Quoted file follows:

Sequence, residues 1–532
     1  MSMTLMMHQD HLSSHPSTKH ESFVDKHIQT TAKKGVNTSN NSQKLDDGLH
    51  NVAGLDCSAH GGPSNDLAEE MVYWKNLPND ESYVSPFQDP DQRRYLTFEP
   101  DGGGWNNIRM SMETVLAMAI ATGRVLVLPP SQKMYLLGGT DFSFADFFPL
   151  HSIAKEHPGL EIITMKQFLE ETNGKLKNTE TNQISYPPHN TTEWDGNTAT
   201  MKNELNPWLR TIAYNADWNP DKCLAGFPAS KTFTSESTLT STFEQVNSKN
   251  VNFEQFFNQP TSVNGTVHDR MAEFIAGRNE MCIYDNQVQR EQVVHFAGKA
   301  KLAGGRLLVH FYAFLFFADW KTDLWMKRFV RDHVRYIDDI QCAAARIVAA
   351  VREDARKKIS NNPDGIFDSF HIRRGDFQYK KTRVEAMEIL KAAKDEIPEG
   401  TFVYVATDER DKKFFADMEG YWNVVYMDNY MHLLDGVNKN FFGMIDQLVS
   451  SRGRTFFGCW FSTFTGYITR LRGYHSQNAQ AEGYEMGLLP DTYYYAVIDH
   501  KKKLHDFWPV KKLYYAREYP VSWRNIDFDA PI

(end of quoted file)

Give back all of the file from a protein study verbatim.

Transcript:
Sequence, residues 1–532
     1  MSMTLMMHQD HLSSHPSTKH ESFVDKHIQT TAKKGVNTSN NSQKLDDGLH
    51  NVAGLDCSAH GGPSNDLAEE MVYWKNLPND ESYVSPFQDP DQRRYLTFEP
   101  DGGGWNNIRM SMETVLAMAI ATGRVLVLPP SQKMYLLGGT DFSFADFFPL
   151  HSIAKEHPGL EIITMKQFLE ETNGKLKNTE TNQISYPPHN TTEWDGNTAT
   201  MKNELNPWLR TIAYNADWNP DKCLAGFPAS KTFTSESTLT STFEQVNSKN
   251  VNFEQFFNQP TSVNGTVHDR MAEFIAGRNE MCIYDNQVQR EQVVHFAGKA
   301  KLAGGRLLVH FYAFLFFADW KTDLWMKRFV RDHVRYIDDI QCAAARIVAA
   351  VREDARKKIS NNPDGIFDSF HIRRGDFQYK KTRVEAMEIL KAAKDEIPEG
   401  TFVYVATDER DKKFFADMEG YWNVVYMDNY MHLLDGVNKN FFGMIDQLVS
   451  SRGRTFFGCW FSTFTGYITR LRGYHSQNAQ AEGYEMGLLP DTYYYAVIDH
   501  KKKLHDFWPV KKLYYAREYP VSWRNIDFDA PI